Last Updated: Thursday, 18 September 2014, 13:28 GMT

2008 Findings on the Worst Forms of Child Labor - Montenegro

Publisher United States Department of Labor
Author Bureau of International Labor Affairs
Publication Date 10 September 2009
Cite as United States Department of Labor, 2008 Findings on the Worst Forms of Child Labor - Montenegro, 10 September 2009, available at: http://www.refworld.org/docid/4aba3ecf28.html [accessed 18 September 2014]
DisclaimerThis is not a UNHCR publication. UNHCR is not responsible for, nor does it necessarily endorse, its content. Any views expressed are solely those of the author or publisher and do not necessarily reflect those of UNHCR, the United Nations or its Member States.

Selected Statistics and Indicators on Child Labor
Population, children, 5-14 years, 2005:99,990
Working children, 5-14 years (%), 2005:12.9
Working boys, 5-14 years (%), 2005:14.6
Working girls, 5-14 years (%), 2005:11.0
Working children by sector (%), 5-14 years:
     – Agriculture
     – Manufacturing
     – Services
     – Other
Minimum age for work:15
Compulsory education age:15
Free public education:Yes*
Gross primary enrollment rate (%):
Net primary enrollment rate (%):
School attendance, children 5-14 years, 2006 (%):87.7
Survival rate to grade 5 (%):
ILO Convention 138:6/3/2006
ILO Convention 182:6/3/2006
CRC:10/23/2006**
CRCOPAC:5/2/2007**
CRCOPSC:10/23/2006**
Palermo:10/23/2006**
ILO-IPEC participating country:No

* In practice, must pay for various school expenses

** Succession

Incidence and Nature of Child Labor

Children in Montenegro can be found working on family farms. Roma children also work in the informal sector, selling small items or washing car windows; they also are often found begging to assist their families. Montenegro is primarily a transit country for girls trafficked to Western Europe for the purpose of sexual exploitation.

Child Labor Laws and Enforcement

The minimum age for employment is 15 years. Children under 18 years are not permitted to work in jobs that involve particularly difficult physical or dangerous work, overtime and night work, underground work, or underwater work. The law provides for monetary penalties for violation of these provisions.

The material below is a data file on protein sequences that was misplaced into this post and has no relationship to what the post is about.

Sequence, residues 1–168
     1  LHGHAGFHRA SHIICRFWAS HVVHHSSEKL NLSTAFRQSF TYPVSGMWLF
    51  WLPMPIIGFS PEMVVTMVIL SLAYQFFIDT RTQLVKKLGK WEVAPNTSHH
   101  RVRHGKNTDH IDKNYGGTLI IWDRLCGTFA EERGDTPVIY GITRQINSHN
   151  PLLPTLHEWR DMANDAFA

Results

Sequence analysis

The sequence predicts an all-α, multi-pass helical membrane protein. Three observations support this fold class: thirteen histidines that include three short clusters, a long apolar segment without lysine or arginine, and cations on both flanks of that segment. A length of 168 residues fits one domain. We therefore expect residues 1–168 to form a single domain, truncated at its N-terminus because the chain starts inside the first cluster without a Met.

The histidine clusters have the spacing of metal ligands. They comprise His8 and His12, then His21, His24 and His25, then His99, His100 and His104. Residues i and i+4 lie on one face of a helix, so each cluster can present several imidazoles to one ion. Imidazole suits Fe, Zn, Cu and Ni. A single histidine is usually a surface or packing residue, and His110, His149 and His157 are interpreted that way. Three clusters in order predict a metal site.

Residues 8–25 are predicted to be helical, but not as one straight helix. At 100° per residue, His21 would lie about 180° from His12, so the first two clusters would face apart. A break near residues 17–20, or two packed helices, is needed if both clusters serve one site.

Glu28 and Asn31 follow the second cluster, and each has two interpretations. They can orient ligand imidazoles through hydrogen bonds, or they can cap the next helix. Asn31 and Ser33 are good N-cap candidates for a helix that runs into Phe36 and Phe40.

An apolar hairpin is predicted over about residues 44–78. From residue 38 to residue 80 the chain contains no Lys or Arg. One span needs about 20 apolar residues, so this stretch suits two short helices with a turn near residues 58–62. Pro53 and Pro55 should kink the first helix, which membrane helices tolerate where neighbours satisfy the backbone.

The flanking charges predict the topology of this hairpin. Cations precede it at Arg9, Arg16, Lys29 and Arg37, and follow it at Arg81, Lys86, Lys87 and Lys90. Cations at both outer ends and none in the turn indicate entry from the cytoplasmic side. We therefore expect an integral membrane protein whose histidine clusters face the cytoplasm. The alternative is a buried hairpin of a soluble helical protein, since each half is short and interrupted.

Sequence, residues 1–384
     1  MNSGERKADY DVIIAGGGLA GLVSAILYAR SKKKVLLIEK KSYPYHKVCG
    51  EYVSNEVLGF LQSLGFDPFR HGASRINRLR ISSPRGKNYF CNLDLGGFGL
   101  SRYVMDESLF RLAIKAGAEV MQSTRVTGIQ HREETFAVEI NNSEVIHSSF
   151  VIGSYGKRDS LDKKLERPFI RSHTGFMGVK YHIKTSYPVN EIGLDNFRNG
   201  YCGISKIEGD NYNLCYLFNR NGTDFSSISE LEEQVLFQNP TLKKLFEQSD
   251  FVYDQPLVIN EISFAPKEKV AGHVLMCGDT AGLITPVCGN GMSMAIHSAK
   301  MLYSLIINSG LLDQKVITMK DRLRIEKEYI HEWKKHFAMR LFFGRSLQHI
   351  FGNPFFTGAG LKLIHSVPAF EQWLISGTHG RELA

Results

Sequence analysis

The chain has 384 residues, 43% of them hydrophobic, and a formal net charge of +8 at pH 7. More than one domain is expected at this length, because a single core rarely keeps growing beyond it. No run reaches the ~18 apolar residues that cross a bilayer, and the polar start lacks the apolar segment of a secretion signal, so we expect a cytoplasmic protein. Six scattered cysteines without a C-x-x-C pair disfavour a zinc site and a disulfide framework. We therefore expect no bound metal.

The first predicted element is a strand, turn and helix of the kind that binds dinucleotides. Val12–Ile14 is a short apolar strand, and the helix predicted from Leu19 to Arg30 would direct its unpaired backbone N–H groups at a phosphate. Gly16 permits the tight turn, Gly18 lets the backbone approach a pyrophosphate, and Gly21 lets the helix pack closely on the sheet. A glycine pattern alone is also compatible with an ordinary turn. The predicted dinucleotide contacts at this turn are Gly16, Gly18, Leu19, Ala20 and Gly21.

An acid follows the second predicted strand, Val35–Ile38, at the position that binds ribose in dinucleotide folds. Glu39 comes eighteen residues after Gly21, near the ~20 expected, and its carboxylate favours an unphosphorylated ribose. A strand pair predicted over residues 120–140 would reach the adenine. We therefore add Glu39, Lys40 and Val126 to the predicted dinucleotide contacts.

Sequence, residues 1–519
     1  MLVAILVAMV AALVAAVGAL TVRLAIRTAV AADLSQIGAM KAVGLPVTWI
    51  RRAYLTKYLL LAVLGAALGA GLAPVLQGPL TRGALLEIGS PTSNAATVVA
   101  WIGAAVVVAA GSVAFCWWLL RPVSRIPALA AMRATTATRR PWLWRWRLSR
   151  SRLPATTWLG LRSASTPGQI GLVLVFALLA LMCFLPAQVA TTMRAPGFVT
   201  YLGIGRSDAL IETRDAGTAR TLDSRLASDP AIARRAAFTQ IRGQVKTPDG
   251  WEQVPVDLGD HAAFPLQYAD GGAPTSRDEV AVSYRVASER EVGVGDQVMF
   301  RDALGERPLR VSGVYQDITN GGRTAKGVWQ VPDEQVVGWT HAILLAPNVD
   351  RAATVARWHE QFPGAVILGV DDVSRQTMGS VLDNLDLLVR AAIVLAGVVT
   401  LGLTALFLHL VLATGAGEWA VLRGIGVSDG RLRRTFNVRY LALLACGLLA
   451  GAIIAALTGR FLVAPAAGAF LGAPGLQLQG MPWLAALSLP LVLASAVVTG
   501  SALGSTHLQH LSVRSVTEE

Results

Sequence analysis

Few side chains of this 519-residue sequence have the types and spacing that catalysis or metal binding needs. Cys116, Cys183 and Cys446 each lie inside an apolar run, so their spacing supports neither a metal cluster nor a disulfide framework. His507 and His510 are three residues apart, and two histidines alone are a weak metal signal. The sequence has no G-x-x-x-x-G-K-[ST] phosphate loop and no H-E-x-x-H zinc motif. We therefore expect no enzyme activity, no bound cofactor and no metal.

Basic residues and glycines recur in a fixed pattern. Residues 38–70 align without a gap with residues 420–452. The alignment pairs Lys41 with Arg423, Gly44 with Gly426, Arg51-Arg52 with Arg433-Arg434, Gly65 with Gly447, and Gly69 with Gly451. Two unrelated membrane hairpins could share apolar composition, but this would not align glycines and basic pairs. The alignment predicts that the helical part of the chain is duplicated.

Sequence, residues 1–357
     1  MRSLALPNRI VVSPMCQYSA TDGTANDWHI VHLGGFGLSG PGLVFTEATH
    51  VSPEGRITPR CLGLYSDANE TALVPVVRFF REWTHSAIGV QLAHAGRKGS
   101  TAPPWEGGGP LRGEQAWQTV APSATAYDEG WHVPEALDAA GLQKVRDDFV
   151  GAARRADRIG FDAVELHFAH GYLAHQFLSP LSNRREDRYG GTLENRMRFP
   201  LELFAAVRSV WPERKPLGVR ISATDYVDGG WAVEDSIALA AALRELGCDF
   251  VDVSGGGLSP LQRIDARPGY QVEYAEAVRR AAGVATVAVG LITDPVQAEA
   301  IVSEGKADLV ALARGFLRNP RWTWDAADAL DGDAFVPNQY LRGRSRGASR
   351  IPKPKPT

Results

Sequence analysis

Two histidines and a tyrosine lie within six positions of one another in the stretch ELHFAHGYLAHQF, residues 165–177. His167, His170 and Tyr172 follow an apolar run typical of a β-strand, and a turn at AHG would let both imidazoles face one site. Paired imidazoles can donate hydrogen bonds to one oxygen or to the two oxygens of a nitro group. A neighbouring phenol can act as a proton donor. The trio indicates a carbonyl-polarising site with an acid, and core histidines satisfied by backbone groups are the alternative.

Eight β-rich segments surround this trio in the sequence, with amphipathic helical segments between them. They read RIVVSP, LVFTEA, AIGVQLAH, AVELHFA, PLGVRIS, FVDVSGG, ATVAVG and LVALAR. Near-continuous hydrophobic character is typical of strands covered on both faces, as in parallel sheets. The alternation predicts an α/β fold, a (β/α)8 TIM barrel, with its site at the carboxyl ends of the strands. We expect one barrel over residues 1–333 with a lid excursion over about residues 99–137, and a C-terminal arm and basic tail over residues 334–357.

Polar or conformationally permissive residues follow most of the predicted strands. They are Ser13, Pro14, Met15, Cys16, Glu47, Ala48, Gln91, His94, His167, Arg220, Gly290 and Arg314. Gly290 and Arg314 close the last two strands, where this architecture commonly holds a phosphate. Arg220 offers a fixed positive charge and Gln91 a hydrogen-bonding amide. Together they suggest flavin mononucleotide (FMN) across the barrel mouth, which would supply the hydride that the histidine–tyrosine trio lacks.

Forced labor is prohibited. Trafficking in persons is prohibited, and the trafficking of a minor is punishable by 3 to 10 years of imprisonment. Procuring a minor for prostitution is punishable by 3 months to 5 years of imprisonment, while inciting a minor into prostitution is punishable by 1 to 10 years of imprisonment. Using children in the production of pornography is punishable by 6 months to 5 years of imprisonment. The minimum age to volunteer for the Montenegrin military is 18 years.

The Labor Inspectorate of the Ministry of Labor and Social Welfare is responsible for the enforcement of labor laws, including those protecting children from exploitation in the workplace. The Ministry has 40 inspectors handling labor issues and conducted more than 10,000 labor investigations in 2008; none of these investigations uncovered any child labor infractions. During the reporting period, Montenegrin police arrested several adults for involvement in organizing child begging rings near Podgorica and coastal towns. The Government's enforcement efforts were generally effective, according to USDOS.

Current Government Policies and Programs to Eliminate the Worst Forms of Child Labor

In 2008, the Government initiated two human trafficking investigations and prosecuted seven individuals on trafficking charges. Convictions and punishments from these cases are unknown. Police of all ranks were provided anti-trafficking training by the Government but often lacked training in victim identification.

In December 2008 and January 2009, the National Anti-Trafficking Coordinator hosted six anti-trafficking workshops to improve communication between organizations that deal with trafficking issues. The Government of Montenegro continues to fund a shelter for trafficking victims.

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